Monday, March 24, 2008

Surfing Chickens

Up close and personal! The leghorns are the most intrepid of the flock so far. They will approach without fear, and they love to peck at my rings.

Granddaughter Hannah with a new friend. Hannah is also fearless. Pigs and chickens faze her not at all. She gets right in there with them. She and Haley have named a few of the hens and can actually tell them apart. That's more than I can do.

The heat lamp makes a cozy glow in the coop. That's a good thing since today was blowing snow flurries and cold, cold, cold.

I did a little websurfing and found these online places to learn more:

How to raise a flock of hens in your own backyard. Help from other folks, information, links and lots more.

Want to know more about the many breeds of chickens? Go here. There are many there I have never heard of. Apparently, however, my Wyandottes might be Silver-Laced Wyandottes. Who knew?

You can find more general information about raising chickens on this site.

The more you learn, the more you want to learn, but why not go for the ultimate learning experience:

A chicken videocam! Watch the drama unfold before your very eyes! Oh the heartbreak, the egos, the greed and deception. All for you on the ChickenCam.

If the cam doesn't strike you as funny, maybe these chicken jokes will.

Or how about Chicken tractors, anyone? (this is not a joke, really)

One place to get baby chicks: McMurray's hatchery. I bought from them years ago and it was nice to find that they are still in business. I think I prefer buying my chicks at the feed store, though. Less stress on them, or at least on me.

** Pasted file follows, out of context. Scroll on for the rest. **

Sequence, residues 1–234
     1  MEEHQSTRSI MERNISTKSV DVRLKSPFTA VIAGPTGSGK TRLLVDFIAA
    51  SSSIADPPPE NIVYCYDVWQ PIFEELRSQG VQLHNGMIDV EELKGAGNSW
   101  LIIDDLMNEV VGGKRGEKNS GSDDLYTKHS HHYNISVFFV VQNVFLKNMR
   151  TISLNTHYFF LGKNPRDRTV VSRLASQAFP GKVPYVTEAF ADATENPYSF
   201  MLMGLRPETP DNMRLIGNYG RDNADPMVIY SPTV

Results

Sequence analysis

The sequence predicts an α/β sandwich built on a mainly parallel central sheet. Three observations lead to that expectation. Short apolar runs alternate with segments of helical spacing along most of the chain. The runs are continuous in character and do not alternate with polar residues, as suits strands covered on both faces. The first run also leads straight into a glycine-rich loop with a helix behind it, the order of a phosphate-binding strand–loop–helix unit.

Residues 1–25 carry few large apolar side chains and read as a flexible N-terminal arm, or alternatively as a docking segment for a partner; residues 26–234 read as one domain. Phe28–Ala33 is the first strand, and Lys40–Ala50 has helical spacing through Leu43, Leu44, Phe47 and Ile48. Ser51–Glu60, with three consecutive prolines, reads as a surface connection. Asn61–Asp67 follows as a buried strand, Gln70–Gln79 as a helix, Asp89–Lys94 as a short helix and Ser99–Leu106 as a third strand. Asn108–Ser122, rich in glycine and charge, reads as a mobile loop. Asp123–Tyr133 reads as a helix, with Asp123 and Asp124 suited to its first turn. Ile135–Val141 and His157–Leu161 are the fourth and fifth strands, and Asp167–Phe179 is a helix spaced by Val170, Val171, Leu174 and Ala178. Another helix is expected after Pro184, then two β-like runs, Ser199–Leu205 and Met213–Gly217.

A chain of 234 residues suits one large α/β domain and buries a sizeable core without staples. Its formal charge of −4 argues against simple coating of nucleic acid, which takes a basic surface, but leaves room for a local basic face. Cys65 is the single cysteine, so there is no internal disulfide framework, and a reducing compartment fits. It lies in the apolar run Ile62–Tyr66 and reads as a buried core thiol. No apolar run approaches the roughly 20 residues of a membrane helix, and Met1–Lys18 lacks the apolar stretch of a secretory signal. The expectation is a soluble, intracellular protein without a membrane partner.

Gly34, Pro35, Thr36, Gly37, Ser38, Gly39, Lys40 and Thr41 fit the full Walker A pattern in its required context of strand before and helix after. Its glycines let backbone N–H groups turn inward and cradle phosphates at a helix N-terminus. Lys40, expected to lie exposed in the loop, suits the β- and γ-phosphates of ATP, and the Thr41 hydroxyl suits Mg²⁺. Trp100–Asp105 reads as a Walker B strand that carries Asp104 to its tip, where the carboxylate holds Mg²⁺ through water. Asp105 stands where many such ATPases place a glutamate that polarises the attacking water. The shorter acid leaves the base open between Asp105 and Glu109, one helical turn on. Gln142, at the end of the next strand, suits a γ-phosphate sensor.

Mary said...

"My" library hatches eggs for the children every spring, and this year they surprised everyone by hatching a couple of days early. Most were peeping around today, with a few to go, and one actively working at an egg with a nickle-sized hole already broken out. Is a hatching egg like a watched pot? One young man was watching eagerly until his mom told him they really had to head home. We noticed that the little chick inside seemed to be moving more when the the light came on, and took a rest when the timer clicked it off.

Granny Sue said...

How neat! That's a great idea for a library, assuming someone can take the chicks home when they're grown, of course. But for kids to see that process is wonderful. Good library.

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